There are times when you grow big potato plants that produce small tubers once dug up. Your potatoes are so small for a variety of reasons. Small potatoes are oftentimes caused by lack of sunlight, insufficient watering, nutrient insufficiency, extreme temperatures, or harvesting them too early. However, some varieties of potatoes will naturally grow smaller than others, and there are even cases where potatoes on one plant can also vary in size.
Reasons why are potatoes so small
There are many variables that lead to your potato plants producing small crops. These variables differ depending on how well you cared for your potato plants. Here are some of the reasons why your potato plants produce small crops:
Lack of Sunlight
Potato plants require full sunlight every single day. Depending on who you ask, “full sunlight” usually means 6 to 8 hours of direct exposure to sunlight per day. Your potato plant will not be able to grow properly if it does not receive enough sunlight. A lack of sunlight means much less photosynthesis, resulting in your plant producing less energy compared to having adequate sunlight.
If the potato plant’s vines and leaves do not produce enough energy through photosynthesis, the plant won’t have enough starches to put into its tubers. This will lead to smaller potato sizes, or worse, the plant won’t be able to produce potatoes at all.
Put your potato plants in a location where they are able to get full sunlight during the day. Avoid planting them near tall plants that can block the sunlight. Trimming the branches of nearby trees is also recommended if your potato plants are surrounded by trees. If you don’t have enough room and need to plant your potatoes closer to your house, plant your potato plants on the south side of your house.
And if you have already planted your potato plants and they produce small potatoes, you might want to transfer them to another location.
After knowing that a potato plant requires a lot of sunlight, the next thing that you would need to look at is the water you give your plant. Aside from needing full sunlight, potatoes also need moist soil during their whole growing season, especially when their tubers are actively developing and growing. Without sufficient water, your potato plant will ultimately dry out, and in more extreme circumstances, a lack of water will prevent them from absorbing nutrients from the soil. This scenario will prevent your potato plant from growing tubers.
If your potato plants were frequently wilted and the soil was dry throughout their entire growing season, a lack of water would eventually result in them producing small-sized potatoes. Fortunately, there are a variety of ways to avoid this kind of problem, even if you do not have enough time to water your plants every day. Adding compost can enhance the soil’s ability to absorb and store more water while also providing the nutrients that your plant needs. Not only that but adding compost can help attract worms and bacteria that are beneficial for your garden.
A lack of nutrients will also result in the slowing down of the tubers’ growth, leading to small potatoes. The soil’s pH level plays a big part in your plant’s nutrition. Some necessary nutrients will be unavailable to your potato plants if the pH level of the soil is too high or too low. Remember that the soil pH that is adequate for potatoes is between 6.0 and 6.5, which is slightly acidic.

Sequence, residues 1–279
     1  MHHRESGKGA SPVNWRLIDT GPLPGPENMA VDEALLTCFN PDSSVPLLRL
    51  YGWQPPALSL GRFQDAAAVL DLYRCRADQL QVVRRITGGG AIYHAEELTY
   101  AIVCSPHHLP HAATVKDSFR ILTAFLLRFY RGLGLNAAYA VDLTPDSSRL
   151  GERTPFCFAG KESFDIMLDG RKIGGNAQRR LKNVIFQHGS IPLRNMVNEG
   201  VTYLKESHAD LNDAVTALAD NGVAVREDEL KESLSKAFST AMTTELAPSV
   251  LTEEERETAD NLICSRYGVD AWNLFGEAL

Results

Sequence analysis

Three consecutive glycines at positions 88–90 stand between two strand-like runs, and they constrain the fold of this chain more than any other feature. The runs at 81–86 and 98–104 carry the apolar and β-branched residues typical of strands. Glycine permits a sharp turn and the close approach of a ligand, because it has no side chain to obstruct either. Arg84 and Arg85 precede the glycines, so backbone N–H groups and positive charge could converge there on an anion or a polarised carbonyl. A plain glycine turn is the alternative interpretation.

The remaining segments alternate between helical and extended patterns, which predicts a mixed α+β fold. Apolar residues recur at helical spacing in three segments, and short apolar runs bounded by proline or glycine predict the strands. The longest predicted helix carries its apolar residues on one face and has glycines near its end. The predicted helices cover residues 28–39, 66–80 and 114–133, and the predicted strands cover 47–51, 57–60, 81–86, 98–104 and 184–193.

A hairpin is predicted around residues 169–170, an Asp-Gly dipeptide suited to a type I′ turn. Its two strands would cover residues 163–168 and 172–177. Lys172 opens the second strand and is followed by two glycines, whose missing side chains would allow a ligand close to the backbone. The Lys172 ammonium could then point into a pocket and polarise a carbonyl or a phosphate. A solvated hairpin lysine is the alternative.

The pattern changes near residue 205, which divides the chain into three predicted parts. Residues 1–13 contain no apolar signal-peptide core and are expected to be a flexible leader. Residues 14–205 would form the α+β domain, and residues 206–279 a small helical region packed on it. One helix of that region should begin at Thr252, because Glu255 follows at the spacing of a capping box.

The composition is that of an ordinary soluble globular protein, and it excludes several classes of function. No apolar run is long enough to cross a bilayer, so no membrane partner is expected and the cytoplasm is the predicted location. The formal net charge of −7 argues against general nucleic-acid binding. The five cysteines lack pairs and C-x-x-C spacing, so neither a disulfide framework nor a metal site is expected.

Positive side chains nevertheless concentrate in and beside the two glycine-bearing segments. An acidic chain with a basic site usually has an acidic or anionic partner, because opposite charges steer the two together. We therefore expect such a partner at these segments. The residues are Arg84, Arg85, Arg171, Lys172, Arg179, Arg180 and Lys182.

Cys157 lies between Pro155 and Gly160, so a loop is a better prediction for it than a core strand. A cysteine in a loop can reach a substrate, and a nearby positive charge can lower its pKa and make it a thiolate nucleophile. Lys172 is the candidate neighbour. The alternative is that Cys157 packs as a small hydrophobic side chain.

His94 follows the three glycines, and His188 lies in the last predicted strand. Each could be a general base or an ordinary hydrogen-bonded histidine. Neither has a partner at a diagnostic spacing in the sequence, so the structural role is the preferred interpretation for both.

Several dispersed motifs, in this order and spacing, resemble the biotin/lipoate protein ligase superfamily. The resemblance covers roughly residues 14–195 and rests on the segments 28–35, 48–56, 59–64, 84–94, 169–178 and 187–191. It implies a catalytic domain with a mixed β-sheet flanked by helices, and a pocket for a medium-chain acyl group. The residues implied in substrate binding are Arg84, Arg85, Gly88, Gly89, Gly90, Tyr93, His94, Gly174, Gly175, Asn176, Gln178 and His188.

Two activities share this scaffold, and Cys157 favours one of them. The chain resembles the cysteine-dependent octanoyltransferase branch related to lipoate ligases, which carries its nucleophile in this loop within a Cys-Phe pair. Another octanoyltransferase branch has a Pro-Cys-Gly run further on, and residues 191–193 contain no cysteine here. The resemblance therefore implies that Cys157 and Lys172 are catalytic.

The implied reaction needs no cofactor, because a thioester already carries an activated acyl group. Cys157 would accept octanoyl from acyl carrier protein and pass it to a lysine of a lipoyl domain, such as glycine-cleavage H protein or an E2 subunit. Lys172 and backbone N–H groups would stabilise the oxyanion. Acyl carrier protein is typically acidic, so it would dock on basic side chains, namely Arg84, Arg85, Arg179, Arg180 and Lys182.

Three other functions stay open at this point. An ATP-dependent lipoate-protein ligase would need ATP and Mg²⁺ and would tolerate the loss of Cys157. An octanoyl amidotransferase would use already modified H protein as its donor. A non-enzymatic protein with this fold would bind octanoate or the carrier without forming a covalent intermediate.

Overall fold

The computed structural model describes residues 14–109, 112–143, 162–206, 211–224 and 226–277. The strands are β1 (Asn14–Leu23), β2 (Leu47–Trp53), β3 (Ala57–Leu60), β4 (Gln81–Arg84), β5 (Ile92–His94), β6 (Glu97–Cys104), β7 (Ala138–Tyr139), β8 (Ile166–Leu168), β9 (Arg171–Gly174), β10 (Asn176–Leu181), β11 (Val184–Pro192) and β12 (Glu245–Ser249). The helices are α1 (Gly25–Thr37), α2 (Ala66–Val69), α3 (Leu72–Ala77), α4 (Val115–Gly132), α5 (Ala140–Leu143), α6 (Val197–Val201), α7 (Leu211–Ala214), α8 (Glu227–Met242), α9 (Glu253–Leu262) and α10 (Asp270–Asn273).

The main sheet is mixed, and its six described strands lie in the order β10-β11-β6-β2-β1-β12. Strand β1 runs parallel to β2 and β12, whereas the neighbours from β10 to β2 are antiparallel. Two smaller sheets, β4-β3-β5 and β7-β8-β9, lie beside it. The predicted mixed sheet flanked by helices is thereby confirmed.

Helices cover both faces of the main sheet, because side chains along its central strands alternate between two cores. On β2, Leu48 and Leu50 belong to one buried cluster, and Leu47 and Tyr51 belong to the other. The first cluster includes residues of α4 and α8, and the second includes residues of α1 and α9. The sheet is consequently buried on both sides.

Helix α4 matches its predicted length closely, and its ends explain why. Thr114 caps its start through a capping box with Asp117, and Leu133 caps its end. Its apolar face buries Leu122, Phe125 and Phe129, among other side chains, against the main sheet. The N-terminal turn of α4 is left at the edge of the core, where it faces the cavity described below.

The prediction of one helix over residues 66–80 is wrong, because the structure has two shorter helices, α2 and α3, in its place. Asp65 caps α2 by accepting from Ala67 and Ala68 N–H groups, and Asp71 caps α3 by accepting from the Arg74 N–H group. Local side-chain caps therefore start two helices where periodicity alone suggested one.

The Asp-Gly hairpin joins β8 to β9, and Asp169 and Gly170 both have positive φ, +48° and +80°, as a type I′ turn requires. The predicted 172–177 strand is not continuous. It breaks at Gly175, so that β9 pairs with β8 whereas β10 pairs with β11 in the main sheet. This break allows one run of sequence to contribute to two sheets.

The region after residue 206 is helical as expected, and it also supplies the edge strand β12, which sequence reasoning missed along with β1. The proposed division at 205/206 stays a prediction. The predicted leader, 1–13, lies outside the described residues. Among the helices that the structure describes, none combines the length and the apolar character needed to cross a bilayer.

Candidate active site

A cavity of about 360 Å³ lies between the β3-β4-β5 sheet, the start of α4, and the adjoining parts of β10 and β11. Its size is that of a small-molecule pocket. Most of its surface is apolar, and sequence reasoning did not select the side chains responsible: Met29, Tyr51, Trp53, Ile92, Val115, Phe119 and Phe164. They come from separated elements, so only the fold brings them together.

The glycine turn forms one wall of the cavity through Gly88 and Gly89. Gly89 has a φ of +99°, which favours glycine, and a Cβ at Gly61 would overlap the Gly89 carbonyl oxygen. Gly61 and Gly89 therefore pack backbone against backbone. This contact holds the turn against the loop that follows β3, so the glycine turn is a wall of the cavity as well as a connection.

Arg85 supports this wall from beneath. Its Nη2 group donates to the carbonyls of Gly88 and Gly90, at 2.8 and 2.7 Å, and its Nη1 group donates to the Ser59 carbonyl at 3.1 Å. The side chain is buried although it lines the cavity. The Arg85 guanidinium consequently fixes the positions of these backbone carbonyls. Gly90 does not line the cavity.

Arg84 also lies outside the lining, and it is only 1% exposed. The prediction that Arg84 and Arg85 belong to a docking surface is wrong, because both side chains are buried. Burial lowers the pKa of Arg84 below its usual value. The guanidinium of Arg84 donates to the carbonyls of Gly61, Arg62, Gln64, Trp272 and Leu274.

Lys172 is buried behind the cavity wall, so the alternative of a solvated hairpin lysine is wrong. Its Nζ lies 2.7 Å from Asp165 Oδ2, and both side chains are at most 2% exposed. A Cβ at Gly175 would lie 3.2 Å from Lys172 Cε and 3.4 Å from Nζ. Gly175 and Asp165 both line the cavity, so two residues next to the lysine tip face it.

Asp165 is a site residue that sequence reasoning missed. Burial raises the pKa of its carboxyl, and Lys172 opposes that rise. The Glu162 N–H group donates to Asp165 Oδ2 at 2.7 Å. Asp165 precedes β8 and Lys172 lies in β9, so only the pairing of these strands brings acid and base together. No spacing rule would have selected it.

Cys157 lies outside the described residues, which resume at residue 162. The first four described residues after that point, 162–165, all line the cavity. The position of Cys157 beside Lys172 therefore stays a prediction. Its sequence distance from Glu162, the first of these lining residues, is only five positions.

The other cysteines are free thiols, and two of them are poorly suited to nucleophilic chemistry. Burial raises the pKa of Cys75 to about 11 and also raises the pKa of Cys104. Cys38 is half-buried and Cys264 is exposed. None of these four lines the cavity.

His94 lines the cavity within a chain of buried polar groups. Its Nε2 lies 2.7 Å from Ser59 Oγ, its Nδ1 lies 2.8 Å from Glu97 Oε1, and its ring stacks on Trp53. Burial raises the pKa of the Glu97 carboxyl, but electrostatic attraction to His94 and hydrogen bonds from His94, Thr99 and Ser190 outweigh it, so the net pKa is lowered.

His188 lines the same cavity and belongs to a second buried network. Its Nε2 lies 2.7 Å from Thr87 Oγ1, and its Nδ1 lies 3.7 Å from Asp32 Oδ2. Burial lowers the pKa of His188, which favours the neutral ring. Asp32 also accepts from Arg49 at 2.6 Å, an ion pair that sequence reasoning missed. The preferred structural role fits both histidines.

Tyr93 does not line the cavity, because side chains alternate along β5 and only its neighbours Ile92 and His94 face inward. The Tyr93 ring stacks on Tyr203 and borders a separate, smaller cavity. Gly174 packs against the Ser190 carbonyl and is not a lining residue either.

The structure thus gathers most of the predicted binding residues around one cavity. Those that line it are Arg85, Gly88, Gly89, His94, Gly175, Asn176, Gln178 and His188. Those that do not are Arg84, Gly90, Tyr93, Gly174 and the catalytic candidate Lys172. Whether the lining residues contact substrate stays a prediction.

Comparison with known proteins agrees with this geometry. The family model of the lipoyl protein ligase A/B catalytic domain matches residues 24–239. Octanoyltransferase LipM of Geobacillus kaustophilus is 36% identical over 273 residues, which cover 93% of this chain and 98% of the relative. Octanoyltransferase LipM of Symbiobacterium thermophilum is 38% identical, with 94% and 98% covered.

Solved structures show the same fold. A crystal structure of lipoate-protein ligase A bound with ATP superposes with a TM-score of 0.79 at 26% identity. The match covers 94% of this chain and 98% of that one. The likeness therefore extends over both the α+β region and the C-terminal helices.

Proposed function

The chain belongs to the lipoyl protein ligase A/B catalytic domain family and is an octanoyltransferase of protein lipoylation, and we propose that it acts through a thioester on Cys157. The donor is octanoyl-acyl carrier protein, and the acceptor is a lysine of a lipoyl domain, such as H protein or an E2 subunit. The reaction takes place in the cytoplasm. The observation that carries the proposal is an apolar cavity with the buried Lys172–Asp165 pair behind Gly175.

Even if your soil is healthy and the pH level is ideal, a nutrient deficiency might still arise if your plants are overcrowded. If you grow your potato plants too close together, they will start competing for water and nutrients.
Although potato plants require a full amount of exposure to sunlight, extreme heat can also result in your plants producing small potatoes, even if they get the right amounts of water and nutrients. Potatoes are considered a cool-weather crop, therefore high temperatures will reduce the number of tubers that form. It also reduces the size of the tubers that will grow into potatoes.
Planting your potatoes in a sunny location, on the other hand, will cause the soil to heat up considerably faster and quickly achieve higher temperatures. This is why there are a few things that you can do to keep them cool during the summer while also encouraging fresh tubers to form. You can try using cold water whenever you water your potato plants to let the plant and soil cool down at the same time, or shade your potato plants with a cloth or row covers to give them some shade during the hottest part of the day.
And lastly, harvesting the potatoes too early will obviously result in their being small in size. A sign that you harvested your potatoes too early is very easy to notice, you can try rubbing your potato’s skin and if it peels off easily, then you have harvested them prematurely.
If you harvest your potatoes too soon, the plant will not have the time to provide the energy that its tubers require. The potatoes will remain small due to the lack of energy. The best thing to do is to wait for them to a little bit more to mature if you want them to get bigger. Your potato plant will have enough time to deliver adequate energy or starch to its tubers two to three weeks after its foliage has withered.
There are numerous reasons why our potato plants are producing small potatoes. Even though the reasons are different, the result will always be disappointing. The only good news is that the root of this problem is simple and can be fixed very easily. The only thing that you would need to remember is to take care of your potato plants properly and give them everything that is necessary for them in order to thrive and produce larger tubers.
Meet Tomas Clayton, a seasoned plant gardener who has been passionate about horticulture since he was a child. Tomas John developed a love for the natural world and a strong appreciation for the beauty of plants while growing up on a farm.